Received 6 September 2006; published 21 March 2007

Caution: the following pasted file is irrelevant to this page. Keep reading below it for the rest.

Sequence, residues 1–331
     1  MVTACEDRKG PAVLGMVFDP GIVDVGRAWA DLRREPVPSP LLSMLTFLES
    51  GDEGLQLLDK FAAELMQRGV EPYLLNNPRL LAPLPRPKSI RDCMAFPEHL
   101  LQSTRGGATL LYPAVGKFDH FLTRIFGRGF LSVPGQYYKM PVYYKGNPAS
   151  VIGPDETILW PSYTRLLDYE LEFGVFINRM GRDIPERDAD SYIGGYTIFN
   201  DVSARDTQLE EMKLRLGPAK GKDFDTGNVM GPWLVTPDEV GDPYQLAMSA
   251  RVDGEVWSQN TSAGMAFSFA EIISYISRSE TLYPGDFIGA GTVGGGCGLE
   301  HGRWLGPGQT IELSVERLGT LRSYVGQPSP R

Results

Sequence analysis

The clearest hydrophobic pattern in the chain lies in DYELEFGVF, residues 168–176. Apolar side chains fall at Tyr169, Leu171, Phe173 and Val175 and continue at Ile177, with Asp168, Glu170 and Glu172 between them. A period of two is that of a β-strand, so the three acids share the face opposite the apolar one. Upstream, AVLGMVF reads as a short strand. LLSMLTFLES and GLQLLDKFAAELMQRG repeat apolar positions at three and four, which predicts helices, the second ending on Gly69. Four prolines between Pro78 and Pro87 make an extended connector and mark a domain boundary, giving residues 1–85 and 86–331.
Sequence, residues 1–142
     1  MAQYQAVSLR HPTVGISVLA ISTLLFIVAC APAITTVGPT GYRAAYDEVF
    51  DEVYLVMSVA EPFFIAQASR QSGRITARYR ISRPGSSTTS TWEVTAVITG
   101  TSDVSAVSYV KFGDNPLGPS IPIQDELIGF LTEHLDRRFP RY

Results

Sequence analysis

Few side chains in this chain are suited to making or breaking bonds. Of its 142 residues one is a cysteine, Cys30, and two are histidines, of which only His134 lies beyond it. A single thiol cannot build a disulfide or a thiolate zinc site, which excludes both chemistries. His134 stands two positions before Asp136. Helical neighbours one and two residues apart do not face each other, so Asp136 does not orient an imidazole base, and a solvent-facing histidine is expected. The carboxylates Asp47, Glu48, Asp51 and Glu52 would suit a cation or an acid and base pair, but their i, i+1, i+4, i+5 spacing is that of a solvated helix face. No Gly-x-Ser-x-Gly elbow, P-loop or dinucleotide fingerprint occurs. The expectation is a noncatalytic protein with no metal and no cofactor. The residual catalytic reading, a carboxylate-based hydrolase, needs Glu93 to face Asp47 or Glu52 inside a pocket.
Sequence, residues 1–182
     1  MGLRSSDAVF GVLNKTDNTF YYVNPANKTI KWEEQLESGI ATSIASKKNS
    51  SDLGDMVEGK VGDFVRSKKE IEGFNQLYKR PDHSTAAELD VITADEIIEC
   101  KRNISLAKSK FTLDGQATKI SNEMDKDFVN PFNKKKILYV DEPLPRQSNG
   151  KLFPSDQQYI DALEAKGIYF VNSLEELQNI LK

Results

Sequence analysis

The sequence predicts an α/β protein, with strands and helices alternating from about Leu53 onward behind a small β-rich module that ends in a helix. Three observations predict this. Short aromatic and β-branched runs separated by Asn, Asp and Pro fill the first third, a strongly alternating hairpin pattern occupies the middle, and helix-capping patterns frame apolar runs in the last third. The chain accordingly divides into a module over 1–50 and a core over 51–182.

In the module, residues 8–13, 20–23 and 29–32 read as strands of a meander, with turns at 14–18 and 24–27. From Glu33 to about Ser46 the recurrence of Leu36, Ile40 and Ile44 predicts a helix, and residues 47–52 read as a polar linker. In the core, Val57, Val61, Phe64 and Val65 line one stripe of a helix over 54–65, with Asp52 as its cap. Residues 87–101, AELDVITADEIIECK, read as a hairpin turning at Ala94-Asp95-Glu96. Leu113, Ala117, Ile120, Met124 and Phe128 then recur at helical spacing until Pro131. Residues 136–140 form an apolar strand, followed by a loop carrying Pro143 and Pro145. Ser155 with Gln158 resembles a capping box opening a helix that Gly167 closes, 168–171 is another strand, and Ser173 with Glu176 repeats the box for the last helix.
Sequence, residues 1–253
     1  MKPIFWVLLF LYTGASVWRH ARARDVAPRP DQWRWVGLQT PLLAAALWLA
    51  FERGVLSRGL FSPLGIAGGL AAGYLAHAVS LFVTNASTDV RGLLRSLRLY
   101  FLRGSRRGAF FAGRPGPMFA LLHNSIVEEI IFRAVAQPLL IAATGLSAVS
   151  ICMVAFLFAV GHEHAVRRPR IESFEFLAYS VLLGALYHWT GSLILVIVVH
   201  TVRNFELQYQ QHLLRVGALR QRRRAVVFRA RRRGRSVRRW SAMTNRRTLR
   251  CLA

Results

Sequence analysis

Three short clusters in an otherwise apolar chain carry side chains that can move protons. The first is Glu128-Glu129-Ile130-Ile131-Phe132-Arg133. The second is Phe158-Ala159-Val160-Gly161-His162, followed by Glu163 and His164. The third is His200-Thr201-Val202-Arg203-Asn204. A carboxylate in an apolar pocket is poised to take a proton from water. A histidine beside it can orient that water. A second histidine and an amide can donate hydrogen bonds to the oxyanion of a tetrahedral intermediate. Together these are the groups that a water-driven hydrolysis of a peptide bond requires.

Experiments of pure tensile fracture in thin brittle gels reveal a new dynamic oscillatory instability whose onset occurs at a critical velocity, VC=0.87CS, where CS is the shear wave speed. Until VC, crack dynamics are well described by linear elastic fracture mechanics (LEFM). These extreme speeds are obtained by suppression of the microbranching instability, which occurs when sample thicknesses are made comparable to the minimum microbranch width. The wavelength of these sinusoidal oscillations is independent of the sample dimensions, thereby suggesting that these macroscopic effects are due to an intrinsic microscopic scale that is unrelated to LEFM.